Monthly Archives: March 2015

March Edition of the JSFB: “Japan”

While Japan has proven to be a difficult market for investors over decades, the past few years have seen dramatic outperformance spurred by the prospects of the outcomes of massive quantitative easing. In fact, the extent to which the eurozone can take some lessons from Japan’s experience as it embarks on its own program is notable. It also leads us to question what else can be learned from Japan, and what are the persistent challenges? Flavor is Information

One of the primary focuses of the emerging field of Culinary Science is flavor. Flavor is a multifaceted and dynamic perception that conveys information about our cultures, our environment and our individuality. The food industry is interested in understanding flavor because it is integral to developing successful healthier products for emerging, maturing, and ageing consumer segments. The research community is interested in flavor because it is an ideal entrée to the brain, one of the final frontiers of science …

The Japan Founders Index

Corporate governance in Japan seems to have improved since the Global Financial Crisis of 2008. Several important developments have occurred, which should improve shareholder returns and how corporations are run. Last year, the newly introduced JPX‐Nikkei 400 Index made it clear that a return on equity of 8% or better was needed for inclusion. This is a very clever way to use Japan’s shame culture to force underperforming companies into taking not-so-popular actions, such as firing employees …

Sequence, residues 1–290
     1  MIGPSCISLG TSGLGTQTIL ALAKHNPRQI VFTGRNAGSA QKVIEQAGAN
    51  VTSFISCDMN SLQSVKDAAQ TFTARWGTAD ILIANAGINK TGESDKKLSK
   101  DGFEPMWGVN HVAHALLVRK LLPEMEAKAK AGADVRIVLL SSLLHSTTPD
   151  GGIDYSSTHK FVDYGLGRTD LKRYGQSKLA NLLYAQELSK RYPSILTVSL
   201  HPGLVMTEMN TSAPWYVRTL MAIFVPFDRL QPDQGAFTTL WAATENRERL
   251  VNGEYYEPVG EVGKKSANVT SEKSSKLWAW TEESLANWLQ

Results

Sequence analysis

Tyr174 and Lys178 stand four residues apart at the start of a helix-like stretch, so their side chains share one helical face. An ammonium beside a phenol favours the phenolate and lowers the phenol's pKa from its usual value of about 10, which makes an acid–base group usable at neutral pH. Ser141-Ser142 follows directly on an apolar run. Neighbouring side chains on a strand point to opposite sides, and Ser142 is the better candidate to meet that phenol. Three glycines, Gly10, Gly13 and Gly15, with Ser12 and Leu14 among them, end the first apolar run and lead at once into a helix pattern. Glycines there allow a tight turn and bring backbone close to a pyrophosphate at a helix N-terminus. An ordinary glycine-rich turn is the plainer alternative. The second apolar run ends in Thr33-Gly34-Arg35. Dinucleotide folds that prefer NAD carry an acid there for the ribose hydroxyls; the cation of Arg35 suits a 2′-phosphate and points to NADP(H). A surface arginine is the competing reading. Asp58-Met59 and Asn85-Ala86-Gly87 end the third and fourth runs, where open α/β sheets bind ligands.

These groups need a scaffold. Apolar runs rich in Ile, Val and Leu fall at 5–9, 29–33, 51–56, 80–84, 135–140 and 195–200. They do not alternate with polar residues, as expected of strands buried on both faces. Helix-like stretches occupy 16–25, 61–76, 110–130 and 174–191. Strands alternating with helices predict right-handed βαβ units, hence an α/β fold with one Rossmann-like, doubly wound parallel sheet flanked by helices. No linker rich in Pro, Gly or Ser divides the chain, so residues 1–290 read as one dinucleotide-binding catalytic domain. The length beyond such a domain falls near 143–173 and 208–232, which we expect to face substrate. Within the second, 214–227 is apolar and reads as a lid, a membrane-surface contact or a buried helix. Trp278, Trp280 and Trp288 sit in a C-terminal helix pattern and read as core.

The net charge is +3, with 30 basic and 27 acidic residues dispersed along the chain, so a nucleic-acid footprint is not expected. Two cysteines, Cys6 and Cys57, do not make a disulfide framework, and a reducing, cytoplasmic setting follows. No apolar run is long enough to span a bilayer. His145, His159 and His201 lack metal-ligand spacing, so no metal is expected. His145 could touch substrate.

Necessity is the Mother of Invention: How a Culture Steeped in Tradition Deals with Change

In September 2013, I visited the 150-year-old sake brewer Fujii Shuzo, in Takehara city, an old town in Hiroshima prefecture. Ryusei, Fujii’s premium sake, is carefully hand-brewed without the use of chemicals and is known as one of the best sakes in Japan. A couple of months later my family ended up buying Fujii but at the time of my first visit, I had no idea it was even for sale. There are about 1,600 sake brewers in Japan. Usually buying a sake company is virtually impossible. Most are owned by wealthy and respected families …

Mind of the Beginner

The martial arts are split. There are two distinct factions, the Classical and the Modern. Each will claim that their approach is perfect and fits all needs. They are both wrong.
When you imagine the all-white uniforms with the colored belts you are envisioning the Classical style. When you watch people fighting in a cage, you are witnessing the Modern. Classical martial arts, as in all classical arts, is an attempt to precisely reproduce what has come before. Interpretation will come later (much later). Exactness is the goal – and the beauty – of a classical art.

Post-Crises, Japan is a Good Investment

Japan is a country built on reinvention. Even in the most dire circumstances, be it nuclear attack, tsunami or economic recession, its leaders have a history of “bending adversity” repeatedly into prosperous new beginnings. Most recently, after decades of economic stagnation, Japan awoke from its slumber under the energetic leadership …